Stephen King's Latest Twists FAIRY TALE Tropes To Excellent Effect

The Master of Horror's un-put-downable new novel finds him back in the fantasy genre.

By Scott Wampler · @ScottWamplerRIP · September 2, 2022, 10:22 AM EDT

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It goes without saying that Stephen King is predominantly known for his work in the horror genre. That’s the man’s bread and butter, the stuff that launched his career into the stratosphere. It is, if I may be so bold, what he’s best at. But this is not to say that King refrains from dipping his toe into other genres, or that he’s not as successful at it when he does: his recent run of crime novels (the Finders Keepers series, last year’s Billy Summers) and his occasional detour into science fiction (the iconic The Jaunt, the undervalued From a Buick 8) frequently stand toe-to-toe with some of his best horror efforts, and next week he’s unleashing a giant new fantasy novel called Fairy Tale which proves that statement beyond any reasonable doubt.

King is, of course, no stranger to the fantasy genre. His Eyes of the Dragon remains one of the best entry points into reading the Master of Horror at an early age (it was, technically-speaking, the first King novel I ever read), and the epic The Talisman (co-written with Peter Straub and apparently en route to becoming a Netflix series executive produced by the Duffer Bros. and no less than Steven goddamn Spielberg) rank among his best novels. The world-building going on in these books – as well as in his masterful Dark Tower series – is invariably strong, threaded with colorful characters, sinister villains, and all the adventurous derring-do of any fantasy classic you might name. What can I say? The man simply knows his shit.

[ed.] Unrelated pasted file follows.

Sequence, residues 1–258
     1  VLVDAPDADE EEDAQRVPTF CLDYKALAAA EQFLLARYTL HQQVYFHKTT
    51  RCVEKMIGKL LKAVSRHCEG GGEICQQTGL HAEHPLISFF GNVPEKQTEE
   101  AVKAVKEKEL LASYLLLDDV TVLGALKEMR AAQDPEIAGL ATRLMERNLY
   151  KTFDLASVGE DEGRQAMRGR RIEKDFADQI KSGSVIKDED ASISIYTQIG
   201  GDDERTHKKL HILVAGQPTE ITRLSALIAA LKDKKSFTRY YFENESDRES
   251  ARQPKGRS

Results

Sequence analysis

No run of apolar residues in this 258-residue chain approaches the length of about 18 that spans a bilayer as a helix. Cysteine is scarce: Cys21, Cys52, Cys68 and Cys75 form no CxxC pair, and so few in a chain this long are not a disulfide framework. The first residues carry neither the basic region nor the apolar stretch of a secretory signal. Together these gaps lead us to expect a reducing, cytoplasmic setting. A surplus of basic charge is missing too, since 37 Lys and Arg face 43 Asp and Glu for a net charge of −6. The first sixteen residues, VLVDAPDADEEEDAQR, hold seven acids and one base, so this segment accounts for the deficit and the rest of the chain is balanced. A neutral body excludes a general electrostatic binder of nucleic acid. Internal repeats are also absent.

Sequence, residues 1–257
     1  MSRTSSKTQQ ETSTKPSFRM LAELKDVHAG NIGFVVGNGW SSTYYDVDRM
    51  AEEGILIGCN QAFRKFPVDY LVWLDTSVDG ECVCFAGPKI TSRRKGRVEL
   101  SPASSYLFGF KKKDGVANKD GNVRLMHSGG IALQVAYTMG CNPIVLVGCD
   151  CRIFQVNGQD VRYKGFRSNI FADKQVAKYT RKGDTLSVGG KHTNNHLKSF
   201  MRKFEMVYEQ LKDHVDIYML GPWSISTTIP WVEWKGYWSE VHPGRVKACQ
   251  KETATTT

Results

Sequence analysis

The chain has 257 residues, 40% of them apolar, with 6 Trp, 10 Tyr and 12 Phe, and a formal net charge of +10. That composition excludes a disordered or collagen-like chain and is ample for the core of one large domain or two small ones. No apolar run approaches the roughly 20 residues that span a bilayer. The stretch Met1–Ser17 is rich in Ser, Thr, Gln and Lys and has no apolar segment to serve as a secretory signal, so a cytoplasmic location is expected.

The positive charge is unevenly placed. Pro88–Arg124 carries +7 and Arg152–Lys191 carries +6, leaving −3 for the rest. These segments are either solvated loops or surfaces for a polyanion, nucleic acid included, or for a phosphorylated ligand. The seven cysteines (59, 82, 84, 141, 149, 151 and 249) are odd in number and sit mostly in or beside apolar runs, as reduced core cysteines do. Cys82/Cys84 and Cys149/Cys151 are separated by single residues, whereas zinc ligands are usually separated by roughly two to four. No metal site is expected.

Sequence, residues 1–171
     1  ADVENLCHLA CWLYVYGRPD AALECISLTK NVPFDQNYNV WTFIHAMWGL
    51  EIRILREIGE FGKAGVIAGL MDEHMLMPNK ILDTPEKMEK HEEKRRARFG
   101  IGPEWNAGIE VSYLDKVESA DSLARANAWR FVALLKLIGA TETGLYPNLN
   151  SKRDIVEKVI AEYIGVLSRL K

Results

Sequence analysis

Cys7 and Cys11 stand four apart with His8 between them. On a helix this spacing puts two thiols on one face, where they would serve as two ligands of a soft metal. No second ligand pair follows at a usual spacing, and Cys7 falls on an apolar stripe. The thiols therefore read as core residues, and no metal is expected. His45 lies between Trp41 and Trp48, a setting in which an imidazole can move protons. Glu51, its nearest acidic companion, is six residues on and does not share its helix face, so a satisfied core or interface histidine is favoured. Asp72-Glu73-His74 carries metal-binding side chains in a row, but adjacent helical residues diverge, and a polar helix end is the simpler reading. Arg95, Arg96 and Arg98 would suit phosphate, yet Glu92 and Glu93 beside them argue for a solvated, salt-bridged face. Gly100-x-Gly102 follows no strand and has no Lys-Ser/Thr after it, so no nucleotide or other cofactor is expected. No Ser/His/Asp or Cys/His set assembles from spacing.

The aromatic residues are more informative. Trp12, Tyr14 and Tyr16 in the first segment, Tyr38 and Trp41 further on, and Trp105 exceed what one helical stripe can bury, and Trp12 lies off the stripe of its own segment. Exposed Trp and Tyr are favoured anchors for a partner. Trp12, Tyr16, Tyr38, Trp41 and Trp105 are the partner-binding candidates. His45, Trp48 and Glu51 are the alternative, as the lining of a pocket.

Indeed, King knocks it out of the park every time he steps up to the fantasy plate, and this one is no exception. Fairy Tale will scratch every King fan's fantasy itch across most of its 600+ pages, telling a largely straightforward tale (hero must get from A to Z while dodging foes and fulfilling what may be his destiny) that's positively overflowing with imagination: classic fairy tale imagery is turned on its head in a number of very Stephen King ways, hair-raising peril lurks around every corner, and the set pieces contained herein are as plentiful as they are memorable. It also leaves us with so many dangling questions about the history and functionality of Empis, the magical world where Fairy Tale takes place, that you’ll wish there was a sequel to dive into immediately upon finishing this chapter.


So, what's it about? I'm glad you asked...


Our protagonist is 17-year-old Charlie Reade, a gifted high school athlete and a generally good guy (it must be said, however, that he's been up to some not-so-nice pranks with a friend of his recently, and these hijinks subtly indicate that Charlie could very well tip over to the Dark Side if he's not careful) with a penchant for reading, helping out others, and keeping his alcoholic father off the sauce. Dad's a drinker because Charlie's mother died in a freak accident a few years prior, but thankfully he's staying on the straight and narrow. For now.